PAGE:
Equipment manufacturer Kintronic Laboratories backs that up and says boosters would be of “significant benefit” to Class C and D stations with limited nighttime coverage, as well as some other AMs—most Class Bs but even a few Class As—with deep nighttime directional-antenna nulls. “All these stations could greatly benefit from the improved population coverage at night and during critical hours, particularly where urban/suburban sprawl has expanded beyond the stations’ existing strong-signal zones,” Kintronic president Tom King tells the FCC.
If there’s an upshot to those many years of experimental licenses, according to Rackley, it’s that it has given the FCC plenty of evidence to digest. Combined with the improved carrier frequency control and precision audio delay in modern transmitters, he sees little reason not to make the leap. “Stations can use it to add to their coverage areas and, when engineered to not impact other signals interference-wise, their service improvement will come with no downside for the AM band,” Rackley says. He predicts additional benefits may appear if as part of the evolution of the AM band fewer stations fill the dial. “It could be crucial for the survival of the AM broadcasting service into the future,” Rackley says.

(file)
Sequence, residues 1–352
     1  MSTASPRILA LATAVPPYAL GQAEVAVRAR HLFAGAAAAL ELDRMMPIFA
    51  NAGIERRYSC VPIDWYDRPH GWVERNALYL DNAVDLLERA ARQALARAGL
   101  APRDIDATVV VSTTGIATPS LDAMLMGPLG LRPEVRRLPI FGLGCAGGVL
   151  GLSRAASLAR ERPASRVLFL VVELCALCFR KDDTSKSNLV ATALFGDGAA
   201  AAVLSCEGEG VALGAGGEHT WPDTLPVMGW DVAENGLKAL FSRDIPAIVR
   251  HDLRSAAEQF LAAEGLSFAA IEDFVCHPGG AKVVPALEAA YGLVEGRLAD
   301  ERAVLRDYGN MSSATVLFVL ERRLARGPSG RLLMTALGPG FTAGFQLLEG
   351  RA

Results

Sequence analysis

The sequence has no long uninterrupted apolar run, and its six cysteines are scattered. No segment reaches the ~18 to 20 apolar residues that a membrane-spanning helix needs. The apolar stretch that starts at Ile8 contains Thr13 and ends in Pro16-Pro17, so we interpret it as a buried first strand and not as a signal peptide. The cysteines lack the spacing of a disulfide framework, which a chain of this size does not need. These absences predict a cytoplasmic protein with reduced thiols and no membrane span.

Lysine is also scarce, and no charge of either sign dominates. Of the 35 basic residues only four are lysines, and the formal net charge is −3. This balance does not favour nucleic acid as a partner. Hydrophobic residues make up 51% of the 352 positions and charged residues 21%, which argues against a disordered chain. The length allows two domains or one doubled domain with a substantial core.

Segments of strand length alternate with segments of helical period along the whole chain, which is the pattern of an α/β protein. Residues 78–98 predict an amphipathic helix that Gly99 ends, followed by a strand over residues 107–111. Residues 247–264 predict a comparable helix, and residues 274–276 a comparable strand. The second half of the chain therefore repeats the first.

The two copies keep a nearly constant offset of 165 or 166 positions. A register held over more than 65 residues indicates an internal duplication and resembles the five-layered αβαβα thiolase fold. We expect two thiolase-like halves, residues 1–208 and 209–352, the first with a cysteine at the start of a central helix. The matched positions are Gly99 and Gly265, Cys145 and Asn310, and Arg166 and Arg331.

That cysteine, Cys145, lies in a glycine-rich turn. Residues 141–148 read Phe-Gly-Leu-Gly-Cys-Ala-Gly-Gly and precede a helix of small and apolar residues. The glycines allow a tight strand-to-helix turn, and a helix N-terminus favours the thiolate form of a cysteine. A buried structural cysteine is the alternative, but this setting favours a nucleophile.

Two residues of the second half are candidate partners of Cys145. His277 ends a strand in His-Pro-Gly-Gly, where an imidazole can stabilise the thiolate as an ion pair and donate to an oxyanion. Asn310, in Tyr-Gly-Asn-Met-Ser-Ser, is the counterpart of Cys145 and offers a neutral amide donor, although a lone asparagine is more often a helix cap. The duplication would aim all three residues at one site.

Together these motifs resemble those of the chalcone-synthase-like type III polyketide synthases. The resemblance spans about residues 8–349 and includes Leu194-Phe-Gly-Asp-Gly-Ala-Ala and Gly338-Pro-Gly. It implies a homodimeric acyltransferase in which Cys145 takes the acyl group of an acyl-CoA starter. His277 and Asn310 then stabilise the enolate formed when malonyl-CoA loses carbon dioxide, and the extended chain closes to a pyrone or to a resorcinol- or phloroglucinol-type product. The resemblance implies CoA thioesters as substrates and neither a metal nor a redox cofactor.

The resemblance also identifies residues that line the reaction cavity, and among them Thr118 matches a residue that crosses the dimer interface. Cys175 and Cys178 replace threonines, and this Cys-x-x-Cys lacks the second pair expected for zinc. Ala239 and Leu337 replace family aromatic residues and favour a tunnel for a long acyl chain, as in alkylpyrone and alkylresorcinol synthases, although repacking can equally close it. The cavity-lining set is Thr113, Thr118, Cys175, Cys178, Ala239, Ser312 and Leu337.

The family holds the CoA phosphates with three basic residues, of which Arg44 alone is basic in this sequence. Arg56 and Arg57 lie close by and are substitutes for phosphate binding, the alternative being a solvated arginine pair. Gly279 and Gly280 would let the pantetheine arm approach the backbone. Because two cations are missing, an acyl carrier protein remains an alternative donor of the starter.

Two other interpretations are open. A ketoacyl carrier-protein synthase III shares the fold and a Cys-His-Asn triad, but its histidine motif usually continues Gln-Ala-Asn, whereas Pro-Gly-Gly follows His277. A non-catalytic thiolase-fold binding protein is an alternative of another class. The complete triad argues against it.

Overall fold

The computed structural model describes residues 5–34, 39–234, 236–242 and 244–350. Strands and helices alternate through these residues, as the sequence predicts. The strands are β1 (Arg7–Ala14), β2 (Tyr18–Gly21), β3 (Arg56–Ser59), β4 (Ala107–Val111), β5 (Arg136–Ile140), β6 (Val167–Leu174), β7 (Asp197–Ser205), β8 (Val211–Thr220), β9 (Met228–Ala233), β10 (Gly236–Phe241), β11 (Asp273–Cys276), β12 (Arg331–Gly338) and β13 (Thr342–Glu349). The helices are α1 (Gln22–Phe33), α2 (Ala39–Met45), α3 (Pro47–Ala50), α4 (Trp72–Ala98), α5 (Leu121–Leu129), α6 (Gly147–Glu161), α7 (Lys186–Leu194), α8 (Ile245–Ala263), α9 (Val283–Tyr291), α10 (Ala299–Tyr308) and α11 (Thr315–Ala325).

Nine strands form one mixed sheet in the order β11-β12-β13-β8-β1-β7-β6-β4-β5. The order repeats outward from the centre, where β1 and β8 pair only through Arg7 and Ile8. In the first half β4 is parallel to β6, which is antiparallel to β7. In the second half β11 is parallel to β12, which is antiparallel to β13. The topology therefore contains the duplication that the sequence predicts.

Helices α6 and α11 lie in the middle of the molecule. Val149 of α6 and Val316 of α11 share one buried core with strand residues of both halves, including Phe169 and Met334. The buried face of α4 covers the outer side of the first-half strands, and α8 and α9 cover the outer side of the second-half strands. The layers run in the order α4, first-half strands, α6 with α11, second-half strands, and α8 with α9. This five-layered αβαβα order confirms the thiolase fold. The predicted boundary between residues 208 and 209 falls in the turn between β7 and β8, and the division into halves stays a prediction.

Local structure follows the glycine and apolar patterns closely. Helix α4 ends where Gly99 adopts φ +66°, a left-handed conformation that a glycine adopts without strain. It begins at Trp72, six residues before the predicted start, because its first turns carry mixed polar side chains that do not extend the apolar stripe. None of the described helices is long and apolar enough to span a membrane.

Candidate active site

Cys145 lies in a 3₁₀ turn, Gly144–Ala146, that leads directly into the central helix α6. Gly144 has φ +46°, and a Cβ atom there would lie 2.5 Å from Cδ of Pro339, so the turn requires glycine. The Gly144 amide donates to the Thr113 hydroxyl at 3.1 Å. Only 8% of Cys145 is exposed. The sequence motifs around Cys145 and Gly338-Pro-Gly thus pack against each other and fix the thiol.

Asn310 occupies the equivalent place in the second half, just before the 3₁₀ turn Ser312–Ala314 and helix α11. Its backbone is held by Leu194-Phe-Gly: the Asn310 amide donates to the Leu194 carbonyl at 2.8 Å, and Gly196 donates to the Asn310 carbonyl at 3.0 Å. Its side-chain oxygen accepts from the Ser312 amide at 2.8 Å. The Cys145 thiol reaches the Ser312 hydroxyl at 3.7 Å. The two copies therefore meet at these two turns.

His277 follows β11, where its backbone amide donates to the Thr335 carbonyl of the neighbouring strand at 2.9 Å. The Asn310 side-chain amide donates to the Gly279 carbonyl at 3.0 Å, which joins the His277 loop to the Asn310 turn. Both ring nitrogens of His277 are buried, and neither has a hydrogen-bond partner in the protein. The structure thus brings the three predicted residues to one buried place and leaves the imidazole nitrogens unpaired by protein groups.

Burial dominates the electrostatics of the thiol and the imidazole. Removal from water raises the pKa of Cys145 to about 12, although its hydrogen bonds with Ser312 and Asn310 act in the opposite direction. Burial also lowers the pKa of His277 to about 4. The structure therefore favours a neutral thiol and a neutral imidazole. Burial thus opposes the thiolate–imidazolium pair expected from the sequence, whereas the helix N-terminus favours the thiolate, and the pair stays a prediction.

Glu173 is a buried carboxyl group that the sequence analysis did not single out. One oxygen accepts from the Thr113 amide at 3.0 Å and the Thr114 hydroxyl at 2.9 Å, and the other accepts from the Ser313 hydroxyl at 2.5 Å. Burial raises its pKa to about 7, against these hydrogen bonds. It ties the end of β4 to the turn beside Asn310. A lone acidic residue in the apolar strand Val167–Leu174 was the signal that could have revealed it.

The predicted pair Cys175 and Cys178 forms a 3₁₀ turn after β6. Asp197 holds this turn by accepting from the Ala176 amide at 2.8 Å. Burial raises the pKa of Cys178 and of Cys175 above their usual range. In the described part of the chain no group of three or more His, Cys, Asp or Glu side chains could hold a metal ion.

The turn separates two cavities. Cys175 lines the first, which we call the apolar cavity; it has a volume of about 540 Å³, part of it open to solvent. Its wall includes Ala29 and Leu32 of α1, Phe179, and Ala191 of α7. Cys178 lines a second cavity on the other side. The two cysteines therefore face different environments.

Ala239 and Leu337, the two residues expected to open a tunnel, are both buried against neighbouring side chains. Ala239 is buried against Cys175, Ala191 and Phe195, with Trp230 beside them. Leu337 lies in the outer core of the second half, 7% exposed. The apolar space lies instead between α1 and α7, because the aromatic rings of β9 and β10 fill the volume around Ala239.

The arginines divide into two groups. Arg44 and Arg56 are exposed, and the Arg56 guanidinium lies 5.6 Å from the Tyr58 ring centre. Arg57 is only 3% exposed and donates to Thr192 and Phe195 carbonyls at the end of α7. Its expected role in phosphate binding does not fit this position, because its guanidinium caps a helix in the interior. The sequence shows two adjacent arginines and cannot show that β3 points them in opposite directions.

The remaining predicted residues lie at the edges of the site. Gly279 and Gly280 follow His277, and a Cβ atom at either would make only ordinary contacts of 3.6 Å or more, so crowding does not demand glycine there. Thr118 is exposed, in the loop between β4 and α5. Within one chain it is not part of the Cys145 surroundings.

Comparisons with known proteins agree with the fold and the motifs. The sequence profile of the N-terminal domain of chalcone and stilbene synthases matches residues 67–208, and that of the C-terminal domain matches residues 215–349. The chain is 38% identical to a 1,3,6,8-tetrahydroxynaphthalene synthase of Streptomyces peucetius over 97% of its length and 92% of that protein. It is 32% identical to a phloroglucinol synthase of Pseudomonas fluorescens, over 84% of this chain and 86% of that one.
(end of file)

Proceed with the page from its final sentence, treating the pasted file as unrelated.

Similar arguments have been presented to the FCC by engineering firms including Hatfield & Dawson and Sellmeyer Engineering, which points out boosters have been used over the years in markets including Houston; Miami-Ft. Lauderdale; Charlotte; Kansas City; Las Vegas; Albuquerque; and Santa Fe, NM.
Old Idea, New Tech
Brian Henry, a broadcast engineer since the 1970s and former owner of KLLK Willits, CA (1250) says when the FCC first considered allowing boosters, in 1987, the GPS-equipped oscillators needed to precisely adjust a transmitter’s frequency and phase were quite expensive. That’s no longer the case. “Therefore, nearly 30 years later, I feel that these sorts of technological advances make revisiting this matter to be appropriate and timely,” Henry tells the FCC. Henry thinks it’s possible that more sophisticated computer antenna modeling software could also allow for new, lower-profile antenna designs to be used in conjunction with boosters. “I feel that this represents an exciting opportunity for AM broadcast stations to improve service to the public with a technology that could actually ‘revitalize’ AM and possibly facilitate the long-term viability of the standard broadcast band for many years to come,” Henry says.